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**Herc11****Member**- Registered: 2013-06-19
- Posts: 169

That right! All the problem is define over GF.

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**bobbym****Administrator**- From: Bumpkinland
- Registered: 2009-04-12
- Posts: 84,766

I am thinking this GF looks like this

{1,2,3,4,5,..., p-1} in other words a set of elements.

I have the result, but I do not yet know how to get it.

All physicists, and a good many quite respectable mathematicians are contemptuous about proof.

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**Herc11****Member**- Registered: 2013-06-19
- Posts: 169

ok. but this is not the problem.the problem is to have the definition of addition multiplication division square root etc on GF.You cannot use integer arithmetic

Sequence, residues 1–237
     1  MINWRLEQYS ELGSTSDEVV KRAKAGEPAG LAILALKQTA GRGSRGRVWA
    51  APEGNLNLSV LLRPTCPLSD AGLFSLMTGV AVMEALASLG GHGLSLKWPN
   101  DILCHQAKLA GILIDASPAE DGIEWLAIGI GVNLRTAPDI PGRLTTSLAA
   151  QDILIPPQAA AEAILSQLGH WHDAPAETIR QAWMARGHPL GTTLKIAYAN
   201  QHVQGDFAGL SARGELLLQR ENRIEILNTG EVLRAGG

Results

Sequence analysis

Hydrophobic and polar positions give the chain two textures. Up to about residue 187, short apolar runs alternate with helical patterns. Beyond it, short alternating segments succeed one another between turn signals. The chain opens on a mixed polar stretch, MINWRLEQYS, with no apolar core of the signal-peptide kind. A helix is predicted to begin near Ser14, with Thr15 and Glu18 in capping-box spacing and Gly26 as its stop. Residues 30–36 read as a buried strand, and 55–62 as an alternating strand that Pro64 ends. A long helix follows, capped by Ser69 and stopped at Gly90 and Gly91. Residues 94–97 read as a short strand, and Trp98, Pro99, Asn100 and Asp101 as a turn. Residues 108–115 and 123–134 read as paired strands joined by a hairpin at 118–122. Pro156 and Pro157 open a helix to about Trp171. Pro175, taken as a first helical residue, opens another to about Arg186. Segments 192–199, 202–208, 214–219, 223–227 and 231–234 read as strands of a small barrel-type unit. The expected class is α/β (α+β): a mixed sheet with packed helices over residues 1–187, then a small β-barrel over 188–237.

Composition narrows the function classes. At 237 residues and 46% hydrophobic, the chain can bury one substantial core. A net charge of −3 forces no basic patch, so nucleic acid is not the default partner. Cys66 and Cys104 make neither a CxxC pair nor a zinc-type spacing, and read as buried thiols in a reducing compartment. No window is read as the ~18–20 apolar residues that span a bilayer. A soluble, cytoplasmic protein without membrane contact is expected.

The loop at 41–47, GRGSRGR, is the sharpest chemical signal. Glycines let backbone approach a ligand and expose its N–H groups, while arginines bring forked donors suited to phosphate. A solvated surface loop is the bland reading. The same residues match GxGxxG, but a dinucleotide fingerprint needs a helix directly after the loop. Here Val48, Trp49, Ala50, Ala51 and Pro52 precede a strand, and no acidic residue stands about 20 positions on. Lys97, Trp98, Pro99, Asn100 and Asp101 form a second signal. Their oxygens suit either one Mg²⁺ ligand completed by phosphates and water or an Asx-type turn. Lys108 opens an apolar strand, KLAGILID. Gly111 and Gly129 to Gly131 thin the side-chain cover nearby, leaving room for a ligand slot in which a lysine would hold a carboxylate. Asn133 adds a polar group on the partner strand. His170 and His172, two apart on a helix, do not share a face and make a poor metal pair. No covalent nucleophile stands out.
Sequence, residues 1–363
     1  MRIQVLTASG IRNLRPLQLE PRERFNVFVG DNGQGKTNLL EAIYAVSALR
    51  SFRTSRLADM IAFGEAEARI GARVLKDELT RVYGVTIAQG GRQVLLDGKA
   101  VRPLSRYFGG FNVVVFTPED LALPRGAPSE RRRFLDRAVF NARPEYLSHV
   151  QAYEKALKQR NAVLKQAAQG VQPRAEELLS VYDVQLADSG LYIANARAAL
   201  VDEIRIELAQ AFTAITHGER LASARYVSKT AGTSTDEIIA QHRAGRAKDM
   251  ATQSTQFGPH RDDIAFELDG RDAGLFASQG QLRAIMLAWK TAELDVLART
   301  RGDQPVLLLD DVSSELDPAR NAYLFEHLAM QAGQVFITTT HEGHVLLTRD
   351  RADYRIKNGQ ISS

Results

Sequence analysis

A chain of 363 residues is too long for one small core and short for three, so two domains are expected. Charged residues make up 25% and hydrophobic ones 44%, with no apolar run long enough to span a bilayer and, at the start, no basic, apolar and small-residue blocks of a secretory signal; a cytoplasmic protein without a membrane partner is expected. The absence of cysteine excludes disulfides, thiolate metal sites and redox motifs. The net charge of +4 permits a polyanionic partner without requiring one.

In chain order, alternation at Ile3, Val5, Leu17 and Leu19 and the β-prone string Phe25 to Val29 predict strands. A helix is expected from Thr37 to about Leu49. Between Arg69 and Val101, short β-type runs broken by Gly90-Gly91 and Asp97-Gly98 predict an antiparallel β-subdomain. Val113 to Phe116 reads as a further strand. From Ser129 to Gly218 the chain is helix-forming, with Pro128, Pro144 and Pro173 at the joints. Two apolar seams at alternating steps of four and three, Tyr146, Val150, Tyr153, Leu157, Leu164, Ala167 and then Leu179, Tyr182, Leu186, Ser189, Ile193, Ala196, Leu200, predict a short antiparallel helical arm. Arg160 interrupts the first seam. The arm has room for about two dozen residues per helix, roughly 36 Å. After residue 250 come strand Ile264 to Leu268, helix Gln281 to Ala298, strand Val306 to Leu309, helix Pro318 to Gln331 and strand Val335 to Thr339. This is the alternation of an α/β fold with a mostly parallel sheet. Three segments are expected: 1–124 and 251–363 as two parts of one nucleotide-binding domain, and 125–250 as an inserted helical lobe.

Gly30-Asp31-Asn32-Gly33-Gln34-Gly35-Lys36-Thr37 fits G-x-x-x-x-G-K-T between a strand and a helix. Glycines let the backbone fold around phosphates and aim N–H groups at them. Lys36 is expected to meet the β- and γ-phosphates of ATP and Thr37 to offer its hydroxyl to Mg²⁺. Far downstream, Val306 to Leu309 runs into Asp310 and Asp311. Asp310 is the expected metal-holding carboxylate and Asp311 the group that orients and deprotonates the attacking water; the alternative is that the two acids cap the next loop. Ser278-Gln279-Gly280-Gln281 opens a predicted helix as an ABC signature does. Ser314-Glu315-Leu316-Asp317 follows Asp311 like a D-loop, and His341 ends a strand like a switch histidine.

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**bobbym****Administrator**- From: Bumpkinland
- Registered: 2009-04-12
- Posts: 84,766

You cannot use integer arithmetic

All the elements of the set are integers. Modular arithmetic deals with integers. We do not care how mathematica does the solving. We could not understand it anyway. Just a few more things and we can begin to deal with this

but this is not the problem.the problem is to have the definition of addition multiplication division square root etc on GF

I have the result, but I do not yet know how to get it.

All physicists, and a good many quite respectable mathematicians are contemptuous about proof.